February 14–September 27, 2015
Exhibition Location: Arts of Japan Galleries, 223–232
The 100th anniversary in 2015 of the Department of Asian Art at The Metropolitan Museum of Art offers an ideal opportunity to explore the history of the Museum’s collection of Japanese art. Showcasing more than 200 masterworks in a variety of media, Discovering Japanese Art: American Collectors and The Met will tell the story of how the Museum built its comprehensive collection of Japanese art beginning in the early 1880s, when the Museum owned just a small, eclectic array of Japanese decorative arts. Works on view include the world-renowned Great Wave by Hokusai and brilliantly colored screen paintings such as Irises at Yatsuhashi by Ogata Kōrin and Morning Glories by Suzuki Kiitsu. For the first time in over a decade, magnificent sliding-door paintings that once belonged to the Zen monastery Ryōanji in Kyoto will be on display. Spanning ancient to modern times, the exhibition will explore the trends that shaped art collecting and the reception of Japanese art in the United States. Moreover, it will shed light on key American collectors and curators whose passion for Japanese art helped the Museum build its now world-renowned collection. About 70 works will be rotated into the exhibition in June.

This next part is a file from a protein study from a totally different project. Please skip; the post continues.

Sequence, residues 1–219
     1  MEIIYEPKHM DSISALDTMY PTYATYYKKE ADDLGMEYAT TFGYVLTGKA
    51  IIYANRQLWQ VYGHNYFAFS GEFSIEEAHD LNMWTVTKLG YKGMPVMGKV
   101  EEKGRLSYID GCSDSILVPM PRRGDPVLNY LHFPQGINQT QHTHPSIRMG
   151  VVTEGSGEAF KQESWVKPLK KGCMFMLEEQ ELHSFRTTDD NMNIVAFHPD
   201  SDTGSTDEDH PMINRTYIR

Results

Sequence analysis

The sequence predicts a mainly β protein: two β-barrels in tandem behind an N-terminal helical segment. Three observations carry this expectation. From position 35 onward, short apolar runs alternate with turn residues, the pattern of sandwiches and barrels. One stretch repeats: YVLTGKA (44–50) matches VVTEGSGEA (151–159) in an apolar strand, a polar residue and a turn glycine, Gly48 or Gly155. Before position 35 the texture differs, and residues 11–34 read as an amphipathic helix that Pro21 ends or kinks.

The exhibition is made possible by The Miriam and Ira D. Wallach Foundation Fund.
Early American Collectors of Japanese Art [Gallery 223]
The story of collecting Japanese art in America only began after the Japan-U.S. “Treaty of Peace and Amity” was signed in 1854, when wealthy art lovers could begin to travel to Japan and have direct access to the traditional culture and decorative arts of the long-isolated country. The opening room of the exhibition thus focuses on collections formed by the pioneer American travelers and artists who visited Japan. The 1870s was also a decade of growing interest in the Japanese decorative arts in America, engendered in part by the Centennial Exhibition of 1876, the first official World’s Fair in the United States, held in Philadelphia. Louis Comfort Tiffany (1848–1933) himself had a collection of Asian art to provide models of techniques and designs for sumptuous goods for New York’s social elite. Similarly, Tiffany & Co.’s artistic director of silver manufacturing Edward C. Moore (1827-1891) and Mr. Tiffany’s associate Samuel Colman (1832-1920) both became dedicated collectors of Japanese decorative arts and patrons of the Museum. Highlights of the Moore collection, including metal ware and bamboo baskets, will be featured in this section.